Practical Science on Movement and Pain

Category Archives: myths

Which Workout is Best?

Many of my clients want to know what is the best exercise program for them. So they will often ask me what I think about the relative merits of some particular system of exercise: pilates, or yoga, or kettlebells, or Feldenkrais, or barefoot running, or CrossFit, or free weights, etc. I certainly have opinions aboutRead More

Assessment of Pelvic Tilt

How do you know where your pelvis is at? Does it rotate or tilt forward/back, left/right, up/down? A new study suggests that if your only method of finding out involves palpation of bony landmarks on the pelvis, you will likely have no clue. In this study (full text available) the authors had the excellent ideaRead More

“Can You Feel that Knot?” Not!

I get this question all the time in my practice as Rolfer. It usually prompts me to start trying to correct some misconceptions. Here’s why. 1. Thinking about knots might increase threat First and foremost, there is good reason to believe that the way we think about the state of our body can affect ourRead More

The Trouble with MRIs (and my Brother)

A few weeks ago I went back East to visit family. One of the highlights of the trip was going to the U.S. Open with my brother Eric to watch some tennis. When we were growing up together we spent most of our summers playing tennis, and usually capped them off with a trip toRead More

Does Anterior Pelvic Tilt Cause Low Back Pain?

Question: What is anterior pelvic tilt? Answer: It means the front end of the pelvis tips forward and the back end hikes up. Question: Will that make my gut look bigger? Answer: Yes. Question: Is that why my low back hurts? Answer: Let’s check the internet… What Google Says An internet search for anterior pelvicRead More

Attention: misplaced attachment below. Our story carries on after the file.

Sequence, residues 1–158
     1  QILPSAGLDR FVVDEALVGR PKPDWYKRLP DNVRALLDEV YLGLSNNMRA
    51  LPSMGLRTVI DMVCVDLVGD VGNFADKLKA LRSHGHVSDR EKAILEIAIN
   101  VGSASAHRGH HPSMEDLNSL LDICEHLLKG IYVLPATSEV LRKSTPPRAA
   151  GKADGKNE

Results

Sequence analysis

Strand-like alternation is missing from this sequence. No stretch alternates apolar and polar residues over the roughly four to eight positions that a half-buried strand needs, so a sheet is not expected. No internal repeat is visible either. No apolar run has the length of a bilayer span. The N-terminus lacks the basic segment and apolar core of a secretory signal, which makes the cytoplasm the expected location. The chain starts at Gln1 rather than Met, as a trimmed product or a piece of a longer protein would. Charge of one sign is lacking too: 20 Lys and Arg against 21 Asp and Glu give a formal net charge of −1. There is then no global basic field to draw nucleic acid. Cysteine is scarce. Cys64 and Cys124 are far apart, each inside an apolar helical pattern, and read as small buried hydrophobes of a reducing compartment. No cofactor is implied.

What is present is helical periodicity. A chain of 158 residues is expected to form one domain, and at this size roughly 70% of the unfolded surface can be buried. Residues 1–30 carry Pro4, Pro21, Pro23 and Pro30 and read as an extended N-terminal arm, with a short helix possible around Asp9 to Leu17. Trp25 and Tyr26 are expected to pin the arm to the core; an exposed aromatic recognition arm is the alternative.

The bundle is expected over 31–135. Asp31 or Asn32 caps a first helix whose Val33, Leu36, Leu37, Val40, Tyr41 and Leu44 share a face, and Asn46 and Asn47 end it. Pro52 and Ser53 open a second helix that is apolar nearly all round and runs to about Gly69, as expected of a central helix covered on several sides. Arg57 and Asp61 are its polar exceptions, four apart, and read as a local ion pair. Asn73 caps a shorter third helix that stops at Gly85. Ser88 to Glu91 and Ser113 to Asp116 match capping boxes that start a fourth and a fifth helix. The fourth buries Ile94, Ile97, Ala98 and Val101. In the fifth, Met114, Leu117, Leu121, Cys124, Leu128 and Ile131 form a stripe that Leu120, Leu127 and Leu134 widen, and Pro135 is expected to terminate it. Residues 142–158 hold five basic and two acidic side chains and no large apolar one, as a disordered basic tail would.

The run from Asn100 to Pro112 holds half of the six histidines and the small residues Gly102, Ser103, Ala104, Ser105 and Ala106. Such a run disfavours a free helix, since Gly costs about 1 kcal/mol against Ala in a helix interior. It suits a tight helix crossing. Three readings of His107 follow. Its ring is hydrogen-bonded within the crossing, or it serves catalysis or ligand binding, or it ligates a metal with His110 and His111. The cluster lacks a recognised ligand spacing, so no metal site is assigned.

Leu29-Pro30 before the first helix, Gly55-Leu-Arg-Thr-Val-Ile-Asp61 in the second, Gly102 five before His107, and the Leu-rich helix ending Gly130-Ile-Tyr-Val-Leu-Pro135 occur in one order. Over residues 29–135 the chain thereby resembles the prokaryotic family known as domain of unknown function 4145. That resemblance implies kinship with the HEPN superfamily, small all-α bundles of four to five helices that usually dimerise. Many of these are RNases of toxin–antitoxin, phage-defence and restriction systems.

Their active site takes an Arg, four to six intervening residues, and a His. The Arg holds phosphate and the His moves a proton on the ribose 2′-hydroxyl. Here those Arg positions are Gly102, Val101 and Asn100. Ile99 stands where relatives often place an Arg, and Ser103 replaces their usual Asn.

“Soulless Bodies and Bodiless Souls”

This post is a little philosophical, and you may even find it offensive, so I will apologize in advance and keep it mercifully short. I have done a lot of reading on the internet about the many different approaches to manual therapy. Some ideas are good, some are not so good. And some are ratherRead More

Some Myths About “Toning”

A primary fitness goal for many people is to “tone” their muscles. This is a confusing word that is associated with some very large misconceptions about the way muscle responds to exercise. I am hardly the first to point out this problem, but it is so ubiquitous that I thought I should do my fairRead More

Does Excessive Sitting Shorten the Hip Flexors?

Excessive sitting will shorten your hip flexors. I have read this sentence many times. What I have never read is a citation to supporting evidence at the end of the sentence. It’s one of those claims that no one ever questions, like you should drink eight glasses of water a day. Let’s see how it stand up to some critical inquiry….Read More

More Deepities: Does Intention Have Power?

In some recent posts I introduced the idea of a deepity, which is a statement that precariously balances between two possible meanings, one true but rather uninteresting, the other earth shatteringly profound but … not really true. Today’s installment is the word “intention”, which is often used as a deepity in the world of manualRead More

More Deepities: What is “Energy Work”?

In a previous post I introduced the concept of a deepity. Deepity is term coined by Dan Dennett to describe a somewhat ambiguous statement that precariously balances between two possible meanings. One potential meaning is true but trivially obvious, while the other would be earth shatteringly profound if true, but is in fact false. DennettRead More